You’ve probably spotted them around the stations and high streets of the peninsula’s major cities. Easily recognisable by their blown-up hemp leaves, tie die logos and emoji-plastered windows, Italy’s thousand or so ‘cannabis shops’ are by now a fixed part of the urban landscape. But how legitimate are these colourful businesses? What’s the legal status around buying and selling canapa? How popular is it? How safe is it? And what does the new government make of it all?
First things first, is cannabis legal in Italy?
Marijuana has been decriminalised in Italy as a precondition for its cultivation for medicinal purposes. Nevertheless, it remains illegal under international law and is considered ‘offensive’ outside of heavily regulated contexts. Possession of small quantities, for recreational use, is usually policed by the confiscation of official documents and a formal warning. Selling any quantity is a criminal offense and carries a penalty of up to 2-6 years imprisonment and a EUR 75,000 fine.
[Photo credit: Giovanni Dall, via Wikimedia Commons]
So how come I can find shops selling it?
In 2016 a controversial law was passed (Legge 242) dictating that hemp products with low levels of THC, the main psychoactive component in cannabis, should not be considered as intoxicants. The law was originally conceived to encourage the cultivation of the plant for clothes, bags and textiles. An ‘unexpected’ result, though, has been the explosion of a new ‘cannabis light’ industry, based on the commercial sale of hemp flowers, resins and oils but also biscuits, shampoos and a whole range of novelty products.
Why would someone want to consume this stuff?
The hemp that is legally on sale in Italy contains minimal THC. It does, however, contain CBD, another, milder cannabinoid. While THC is usually associated with ‘trippy’ experiences, CBD is usually considered to be less potent, but nevertheless provides a so-called ‘relaxing effect’. Most of the Italian market is made up of recreational users. Some claim it helps them manage conditions like epilepsy, as well as anxiety and panic disorders though scientific research into this matter remains inconclusive.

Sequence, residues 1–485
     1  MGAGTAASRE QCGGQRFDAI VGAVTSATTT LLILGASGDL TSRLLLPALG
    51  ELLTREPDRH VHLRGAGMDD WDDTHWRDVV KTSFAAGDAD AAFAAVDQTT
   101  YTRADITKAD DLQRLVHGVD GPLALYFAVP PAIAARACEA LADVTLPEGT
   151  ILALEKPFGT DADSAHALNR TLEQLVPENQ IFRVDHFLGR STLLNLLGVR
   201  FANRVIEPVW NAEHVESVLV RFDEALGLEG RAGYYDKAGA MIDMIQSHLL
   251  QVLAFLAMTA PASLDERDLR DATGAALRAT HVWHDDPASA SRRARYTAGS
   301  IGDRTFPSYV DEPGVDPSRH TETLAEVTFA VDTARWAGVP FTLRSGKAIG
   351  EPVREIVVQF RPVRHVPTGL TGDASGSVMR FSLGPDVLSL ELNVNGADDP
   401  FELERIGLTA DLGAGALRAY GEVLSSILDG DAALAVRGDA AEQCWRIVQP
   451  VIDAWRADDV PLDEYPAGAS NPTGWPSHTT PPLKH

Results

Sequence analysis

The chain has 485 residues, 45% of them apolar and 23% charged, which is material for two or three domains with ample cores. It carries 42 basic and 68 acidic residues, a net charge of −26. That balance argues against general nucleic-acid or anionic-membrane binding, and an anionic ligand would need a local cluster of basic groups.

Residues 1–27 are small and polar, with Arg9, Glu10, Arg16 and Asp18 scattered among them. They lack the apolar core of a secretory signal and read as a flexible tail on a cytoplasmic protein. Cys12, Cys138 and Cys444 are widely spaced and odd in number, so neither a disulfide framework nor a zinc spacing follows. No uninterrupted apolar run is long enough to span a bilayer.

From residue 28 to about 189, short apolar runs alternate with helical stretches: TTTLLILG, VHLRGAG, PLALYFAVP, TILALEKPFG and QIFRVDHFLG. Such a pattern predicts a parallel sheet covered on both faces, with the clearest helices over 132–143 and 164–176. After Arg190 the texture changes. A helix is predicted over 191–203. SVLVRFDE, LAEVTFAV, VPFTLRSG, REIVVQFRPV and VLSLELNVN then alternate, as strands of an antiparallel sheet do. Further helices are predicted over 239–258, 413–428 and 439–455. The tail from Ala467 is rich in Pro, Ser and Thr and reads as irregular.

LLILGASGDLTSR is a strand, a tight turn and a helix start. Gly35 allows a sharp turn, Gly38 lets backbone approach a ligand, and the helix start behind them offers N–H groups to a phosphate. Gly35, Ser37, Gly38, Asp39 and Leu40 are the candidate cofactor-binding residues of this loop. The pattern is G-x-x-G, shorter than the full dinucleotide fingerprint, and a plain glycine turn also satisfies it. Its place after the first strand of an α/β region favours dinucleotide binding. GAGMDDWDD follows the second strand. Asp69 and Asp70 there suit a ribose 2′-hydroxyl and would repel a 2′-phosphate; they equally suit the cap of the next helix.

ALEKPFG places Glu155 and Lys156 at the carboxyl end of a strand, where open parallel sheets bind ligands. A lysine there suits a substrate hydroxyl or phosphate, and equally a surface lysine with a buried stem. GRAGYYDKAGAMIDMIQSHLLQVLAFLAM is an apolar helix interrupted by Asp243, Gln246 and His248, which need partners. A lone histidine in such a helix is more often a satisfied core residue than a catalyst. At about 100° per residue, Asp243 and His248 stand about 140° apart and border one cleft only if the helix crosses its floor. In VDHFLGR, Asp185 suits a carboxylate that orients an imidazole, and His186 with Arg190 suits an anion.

Where can it be purchased?
Cannabis light can be purchased at many tabaccherie, at automatic machines, specialist chain stores, and organic cooperatives. Some cities are home to online delivery websites which offer services much like Foodora.
What’s the argument in favour of cannabis light?
Proponents of cannabis light point to the product as a safer alternative to the ‘weed’ that is purchased on the street. Another common case revolves around the economic benefits. Unlike the illegal drug trade, cannabis light provides real jobs and revenue to the state through tax. This also takes business away from the illegal market and, by extension, organised crime.
What’s the argument against it?
Critics retort that cannabis light is bad for decorum in city centres and represents a degradation of Italian culture in general (degrado). Another common criticism is that it encourages drug use among young people. Rather than converting pot smokers to lighter alternatives – as defenders claim – some argue that cannabis light is getting a whole new group of people involved in cannabis use that otherwise would not have been.
What are the conditions for users at the moment?
Cannabis light is, in theory, sold for ‘collection’ purposes only and as such can only be consumed at home. Being caught, say, smoking it in a piazza, is considered the same offence as consuming any other cannabis. Containers must remain closed when in transit between the point of purchase and the home, and the product cannot be sold-on.
It seems like there are still a lot of grey areas. What are the latest legal developments?
In May 2019 a new clarification of Legge 242 was put in place to further regulate the cannabis light sector. According to the latest interpretation, cannabis shops cannot market goods that suggest the hemp plant be used in any manner akin to drug taking. The dominant meaning of the law is now taken to be that oils, buds and resins are unacceptable, while bags, t-shirts and other non-consumable products are unproblematic.
How is this ambiguity affecting the trade of cannabis light?
As part of his anti-drugs agenda, Matteo Salvini, Italy’s current interior minister, has pledged to close all of Italy’s cannabis shops. The capacity for implementing such a vision, though, depends largely on how local authorities interpret the law and the wording around it. In Le Marche several shops have been closed down (in Macerata, Porto Recanati and Civitanova Marche). By contrast, little change has been seen in the major cities. Lawyers agree that the sector itself is likely to remain in the ‘grey area’ until more substantial legislation regarding cannabis use in general is put in place.